What I wrote at Lib Dem Voice

February 14, 2007

Facing up to facts

This time last year, then Lib Dem education spokesman Ed Davey - noting the drop in applications to English universities from English students - commented:
“This decline in university applicants shows student fees are already beginning to bite.”
I wonder what his successor, Sarah Teather, will say in response to the news today that applications have risen by 7.2% this year?

The reason for last year’s downward blip was evident to anyone who looked at the figures - 2005 had been a bumper year for applications (up 9.7% in England) as prospective students sensibly sought to apply to univerities before top-up fees kicked-in. It was unsurprising that 2006 saw a correction.

The Labour Government was hypocritical to introduce tuition fees, having explicitly ruled them out in its 1997 manifesto; and even more hypocritical to introduce top-up fees having explicitly ruled them out in its 2001 manifesto. As a result, parents were given less time than they should have been to prepare for their introduction, and many have found it harder to fund their kids through education as a direct result.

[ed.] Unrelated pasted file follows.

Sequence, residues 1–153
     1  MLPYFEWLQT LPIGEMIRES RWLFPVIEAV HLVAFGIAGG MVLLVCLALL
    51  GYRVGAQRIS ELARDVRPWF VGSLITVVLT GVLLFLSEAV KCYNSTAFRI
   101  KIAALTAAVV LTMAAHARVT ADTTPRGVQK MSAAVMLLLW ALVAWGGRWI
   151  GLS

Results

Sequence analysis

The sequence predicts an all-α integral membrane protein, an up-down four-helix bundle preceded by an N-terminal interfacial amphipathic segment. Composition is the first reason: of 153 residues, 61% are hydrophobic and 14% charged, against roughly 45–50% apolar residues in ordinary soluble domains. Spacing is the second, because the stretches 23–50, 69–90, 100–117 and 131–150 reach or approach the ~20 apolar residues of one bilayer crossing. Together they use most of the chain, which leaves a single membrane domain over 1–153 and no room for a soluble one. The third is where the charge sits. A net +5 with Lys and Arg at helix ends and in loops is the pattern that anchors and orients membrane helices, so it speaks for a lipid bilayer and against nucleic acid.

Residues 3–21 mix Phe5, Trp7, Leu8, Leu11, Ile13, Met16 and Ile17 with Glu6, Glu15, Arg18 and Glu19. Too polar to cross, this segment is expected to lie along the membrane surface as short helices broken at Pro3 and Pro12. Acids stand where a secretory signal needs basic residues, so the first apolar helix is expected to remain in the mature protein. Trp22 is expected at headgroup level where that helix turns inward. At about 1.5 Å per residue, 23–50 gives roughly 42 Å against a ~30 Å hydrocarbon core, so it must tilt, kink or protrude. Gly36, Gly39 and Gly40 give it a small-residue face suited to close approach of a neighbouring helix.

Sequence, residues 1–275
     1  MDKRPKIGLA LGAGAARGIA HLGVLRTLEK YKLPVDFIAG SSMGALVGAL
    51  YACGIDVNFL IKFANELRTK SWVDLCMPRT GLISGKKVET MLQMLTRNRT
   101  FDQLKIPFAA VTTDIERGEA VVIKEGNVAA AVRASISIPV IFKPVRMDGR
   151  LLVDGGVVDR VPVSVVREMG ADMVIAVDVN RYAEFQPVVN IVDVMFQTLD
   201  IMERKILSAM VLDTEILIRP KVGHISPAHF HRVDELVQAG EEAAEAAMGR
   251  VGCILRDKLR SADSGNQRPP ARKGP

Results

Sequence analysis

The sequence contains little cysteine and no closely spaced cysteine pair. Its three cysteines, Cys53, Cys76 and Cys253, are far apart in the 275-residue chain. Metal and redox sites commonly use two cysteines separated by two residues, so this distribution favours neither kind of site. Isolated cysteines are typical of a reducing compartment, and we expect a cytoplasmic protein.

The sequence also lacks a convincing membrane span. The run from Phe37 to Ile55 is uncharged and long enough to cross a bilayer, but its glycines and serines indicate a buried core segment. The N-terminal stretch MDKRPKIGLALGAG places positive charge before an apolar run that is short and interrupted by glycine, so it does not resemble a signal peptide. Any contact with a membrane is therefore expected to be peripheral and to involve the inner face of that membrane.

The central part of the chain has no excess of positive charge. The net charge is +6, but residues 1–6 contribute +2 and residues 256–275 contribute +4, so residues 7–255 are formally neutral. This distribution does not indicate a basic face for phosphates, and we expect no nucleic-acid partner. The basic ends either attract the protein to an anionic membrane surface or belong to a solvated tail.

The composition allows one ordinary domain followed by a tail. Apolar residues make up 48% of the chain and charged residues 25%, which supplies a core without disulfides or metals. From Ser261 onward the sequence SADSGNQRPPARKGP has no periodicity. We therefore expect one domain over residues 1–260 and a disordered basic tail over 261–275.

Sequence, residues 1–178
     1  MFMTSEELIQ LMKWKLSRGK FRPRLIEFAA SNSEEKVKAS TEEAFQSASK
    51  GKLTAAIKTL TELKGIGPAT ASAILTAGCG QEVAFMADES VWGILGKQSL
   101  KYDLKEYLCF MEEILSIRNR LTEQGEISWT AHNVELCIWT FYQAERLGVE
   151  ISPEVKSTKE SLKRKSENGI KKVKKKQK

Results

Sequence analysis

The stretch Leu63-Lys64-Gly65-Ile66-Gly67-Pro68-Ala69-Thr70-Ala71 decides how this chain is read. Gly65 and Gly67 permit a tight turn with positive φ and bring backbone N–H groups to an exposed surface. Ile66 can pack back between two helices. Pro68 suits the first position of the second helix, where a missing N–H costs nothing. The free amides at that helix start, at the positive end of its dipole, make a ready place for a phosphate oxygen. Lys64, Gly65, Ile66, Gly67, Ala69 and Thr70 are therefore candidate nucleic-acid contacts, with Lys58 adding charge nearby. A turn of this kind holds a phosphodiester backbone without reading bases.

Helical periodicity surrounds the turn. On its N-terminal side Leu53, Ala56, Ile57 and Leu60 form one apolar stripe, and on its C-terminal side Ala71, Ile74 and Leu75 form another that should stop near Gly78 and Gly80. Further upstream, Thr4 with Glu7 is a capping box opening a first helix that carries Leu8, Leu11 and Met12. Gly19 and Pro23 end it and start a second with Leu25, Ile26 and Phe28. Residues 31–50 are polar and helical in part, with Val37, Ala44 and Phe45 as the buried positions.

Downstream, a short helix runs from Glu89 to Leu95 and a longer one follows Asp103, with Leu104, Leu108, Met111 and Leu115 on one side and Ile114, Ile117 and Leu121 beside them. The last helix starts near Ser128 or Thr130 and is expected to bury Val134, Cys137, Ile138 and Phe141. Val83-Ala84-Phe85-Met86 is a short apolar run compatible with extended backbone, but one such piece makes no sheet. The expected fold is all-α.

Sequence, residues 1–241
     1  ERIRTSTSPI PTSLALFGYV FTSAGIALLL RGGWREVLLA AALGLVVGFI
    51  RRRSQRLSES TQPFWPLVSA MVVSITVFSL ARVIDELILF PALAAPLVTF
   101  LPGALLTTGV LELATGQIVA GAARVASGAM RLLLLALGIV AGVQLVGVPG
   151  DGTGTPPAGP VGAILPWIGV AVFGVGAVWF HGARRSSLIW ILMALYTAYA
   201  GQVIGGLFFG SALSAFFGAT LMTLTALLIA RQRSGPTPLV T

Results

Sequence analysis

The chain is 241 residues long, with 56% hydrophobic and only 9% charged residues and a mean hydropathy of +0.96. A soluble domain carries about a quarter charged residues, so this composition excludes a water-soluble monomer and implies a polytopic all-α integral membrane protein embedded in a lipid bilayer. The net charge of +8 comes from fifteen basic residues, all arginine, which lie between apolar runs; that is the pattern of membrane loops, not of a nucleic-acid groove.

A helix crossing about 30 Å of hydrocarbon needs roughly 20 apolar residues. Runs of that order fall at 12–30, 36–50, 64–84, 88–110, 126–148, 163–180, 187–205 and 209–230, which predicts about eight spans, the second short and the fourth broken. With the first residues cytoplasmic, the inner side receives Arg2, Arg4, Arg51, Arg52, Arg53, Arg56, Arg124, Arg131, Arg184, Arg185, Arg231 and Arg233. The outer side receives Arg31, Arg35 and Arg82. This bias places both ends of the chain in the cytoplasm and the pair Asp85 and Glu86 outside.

But it is the right policy - indeed, the only policy - which will give our universities any chance of standing on their own two feet. The Lib Dems need to start facing up to that reality.

2 comments:

Tom Papworth said...

Brave words, Stephen, disagreeing with a Lib Dem policy that is so popular with our educated, middle-class membership.

But you're right, of course. The current system, whereby the less academic in society pay for the more academic to gain qualifications that help them earn more than the unqualified is reprehensible.

The sooner we distance ourselves from it the better.

AverageEarthman said...

I still maintain that any system which implicitly requires your parents to fund you has problems. I personally preferred the idea of a graduate income tax.

The government should have made more money available to universities to give as bursaries to talented students from poor backgrounds.

I'd be interested to see how parents income affects the likelihood of someone applying to university.

Also - if your parents refuse to fund you, what then? Can you take them to court to make them?

On the other hand, I do welcome the increase in numbers applying to more practical subjects - maybe now they realise that they will be paying for it at some point, even more students are viewing university as somewhere to get a good qualification from rather than three years of lounging around on their parents money.